We were treated to a two-minute PSA about how “big cans” were just awesome. Jenny sported low cut everything, exercised on an elliptical machine in heels, and even joined two of her big canned friends, to spread the love for… um… iced tea. The shot that really got me, though, was the one in which Jenny attempted to drink a can of Arizona Tea. I say attempted because she did that terrible thing we’ve all done while extremely drunk and playing competitive drinking games, where you really aren’t drinking at all, but are in fact just opening the back of your throat and forcing the liquid down. And pretty much 90% of the liquid flows out over your mouth. Yeah. That got a nice slow-mo closeup. I wonder what that was supposed to remind us of? Oh wait. I don’t have to wonder. Because plenty of the classiest of attendees in the audience summed it up by yelling the classiest of epithets at the screens. Luckily, I would say most of the audience reacted like I did, with groans and a lot of “WHAT”s and a fair amount of facepalms. I just can’t understand what Arizona was thinking.
They were thinking their audience was morons, that’s what. Yes I know it was mean to be “edgy” like Go Daddy and Axe, but Go Daddy recently ended their cheesecake campaign and everyone thinks Axe is for tacky guys who can’t get laid. According to Cornish, Robert Kirkman reacted with disdain at his bottle of Arizona Iced Tea on stage, and if so, that was classy. The epic stupidity of running this kind of sexist campaign at an event that is supposedly inclusive and aimed at a wide audience that is not only family friendly but, I repeat, 40% female, is just….insulting. Even worse, the pervasive nature of a major sponsor of the show presenting “big cans” everywhere creates an atmosphere that promotes and tolerates objectifying women. You know, I can’t believe I just wrote the phrase “objectifying women.” It’s 2013. Are we STILL fighting the same old battles? What makes this even more exasperating is that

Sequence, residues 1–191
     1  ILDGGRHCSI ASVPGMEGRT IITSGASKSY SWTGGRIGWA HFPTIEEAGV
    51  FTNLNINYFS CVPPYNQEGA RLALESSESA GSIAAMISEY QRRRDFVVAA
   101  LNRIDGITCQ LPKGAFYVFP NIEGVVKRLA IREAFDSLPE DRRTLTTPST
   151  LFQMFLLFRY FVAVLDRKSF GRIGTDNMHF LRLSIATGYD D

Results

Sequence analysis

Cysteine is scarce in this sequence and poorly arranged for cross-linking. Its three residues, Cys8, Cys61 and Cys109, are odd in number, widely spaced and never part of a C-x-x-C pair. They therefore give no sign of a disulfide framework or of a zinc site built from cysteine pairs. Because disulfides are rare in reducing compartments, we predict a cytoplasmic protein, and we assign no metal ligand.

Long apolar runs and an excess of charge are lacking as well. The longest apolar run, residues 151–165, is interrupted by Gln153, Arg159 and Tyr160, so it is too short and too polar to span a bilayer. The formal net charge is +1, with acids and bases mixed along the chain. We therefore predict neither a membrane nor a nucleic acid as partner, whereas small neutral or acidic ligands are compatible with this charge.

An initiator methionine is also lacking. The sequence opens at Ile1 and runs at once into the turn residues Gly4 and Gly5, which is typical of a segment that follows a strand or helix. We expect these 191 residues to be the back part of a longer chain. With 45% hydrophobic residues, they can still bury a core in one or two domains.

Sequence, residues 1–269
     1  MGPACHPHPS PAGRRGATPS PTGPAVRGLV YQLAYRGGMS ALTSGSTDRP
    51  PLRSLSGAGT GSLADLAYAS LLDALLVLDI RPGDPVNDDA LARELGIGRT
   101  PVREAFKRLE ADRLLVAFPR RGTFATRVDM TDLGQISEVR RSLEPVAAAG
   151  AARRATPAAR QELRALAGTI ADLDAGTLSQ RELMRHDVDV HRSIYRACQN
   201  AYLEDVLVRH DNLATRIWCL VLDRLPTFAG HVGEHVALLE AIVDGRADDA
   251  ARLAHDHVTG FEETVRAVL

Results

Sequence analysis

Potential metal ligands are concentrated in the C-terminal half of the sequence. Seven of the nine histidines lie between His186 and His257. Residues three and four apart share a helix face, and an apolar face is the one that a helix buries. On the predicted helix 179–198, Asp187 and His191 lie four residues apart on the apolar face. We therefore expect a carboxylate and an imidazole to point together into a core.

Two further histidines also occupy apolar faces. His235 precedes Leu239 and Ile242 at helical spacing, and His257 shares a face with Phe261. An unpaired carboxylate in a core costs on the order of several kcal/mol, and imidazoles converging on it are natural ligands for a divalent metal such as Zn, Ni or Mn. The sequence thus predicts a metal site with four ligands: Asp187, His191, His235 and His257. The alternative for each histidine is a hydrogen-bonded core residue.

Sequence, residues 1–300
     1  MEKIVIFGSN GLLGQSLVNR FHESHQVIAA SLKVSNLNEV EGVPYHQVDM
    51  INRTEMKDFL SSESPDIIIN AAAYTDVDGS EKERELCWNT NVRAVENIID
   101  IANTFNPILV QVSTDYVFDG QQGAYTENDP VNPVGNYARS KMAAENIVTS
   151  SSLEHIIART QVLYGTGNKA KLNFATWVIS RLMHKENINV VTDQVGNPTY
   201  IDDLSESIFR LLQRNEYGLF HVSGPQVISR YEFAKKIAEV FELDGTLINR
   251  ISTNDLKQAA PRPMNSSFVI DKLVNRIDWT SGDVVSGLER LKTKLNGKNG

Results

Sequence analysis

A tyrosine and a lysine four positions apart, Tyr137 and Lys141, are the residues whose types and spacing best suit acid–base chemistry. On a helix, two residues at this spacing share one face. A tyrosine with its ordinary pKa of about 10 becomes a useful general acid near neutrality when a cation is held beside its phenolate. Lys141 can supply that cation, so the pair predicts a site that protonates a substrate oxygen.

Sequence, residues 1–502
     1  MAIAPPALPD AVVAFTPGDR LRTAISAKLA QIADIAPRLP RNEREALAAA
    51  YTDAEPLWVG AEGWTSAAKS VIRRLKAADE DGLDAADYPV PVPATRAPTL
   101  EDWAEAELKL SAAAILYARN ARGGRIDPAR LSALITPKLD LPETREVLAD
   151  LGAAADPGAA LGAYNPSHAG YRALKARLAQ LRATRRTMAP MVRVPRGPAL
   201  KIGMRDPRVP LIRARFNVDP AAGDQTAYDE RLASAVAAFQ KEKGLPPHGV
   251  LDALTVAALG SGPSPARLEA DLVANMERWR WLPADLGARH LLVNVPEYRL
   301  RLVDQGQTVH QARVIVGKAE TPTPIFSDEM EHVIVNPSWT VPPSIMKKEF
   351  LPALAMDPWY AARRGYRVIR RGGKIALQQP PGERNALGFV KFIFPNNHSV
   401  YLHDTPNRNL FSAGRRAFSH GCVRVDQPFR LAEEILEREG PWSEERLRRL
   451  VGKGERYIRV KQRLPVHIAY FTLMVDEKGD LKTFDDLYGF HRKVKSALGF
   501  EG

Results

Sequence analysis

EVERYWHERE I LOOKED EVERYTHING ELSE WAS SO MUCH BETTER THAN IT USED TO BE.
Everywhere I looked there were female creators, female characters, female editors, female fans. Cosplay was everywhere. Gangs of teenaged girls dressed as Sailor Moon, laughing smiling and having a fun time. Spunky female Lokis and dangerous Poison Ivys. Participating, having agency, pursuing their own fantasies. NYCC is not “nerd” culture, its a much wider “regular folks” mix of people with an expansive list of interests. The show has become a “marketing” con with consumer brands taking up a huge portion of the show floor. And of course, with a wide mix of folks, there come creeps and jerks, and with them behavior that cannot be tolerated. In an interview I conducted with Lance Fensterman for PW, he told me he regretted the Arizona campaign and it should not have been done. (I’ll have more comments from Fensterman in my full report tomorrow.) Apparently, calmer heads prevailed though and the ads were pulled after Friday night.
I know the ReedPOP folks take safety and respecting their congoers very seriously. There was all, this aside, a very fun, enthusiastic, social and youthful vibe to the show that reminded me of anime show with the interest spread out over more. But clearly, now that “comics” events are fully integrated, more problems are evolving. I’d like to think our corner of he world can evolve to a higher place where these problems are someday not even an issue. But t’s going to take a lot of work from all levels of con society.
Heidi MacDonald is the founder and editor in chief of The Beat. In the past, she worked for Disney, DC Comics, Fox and Publishers Weekly. She can be heard regularly on the More To Come Podcast. She likes coffee, cats and noble struggle.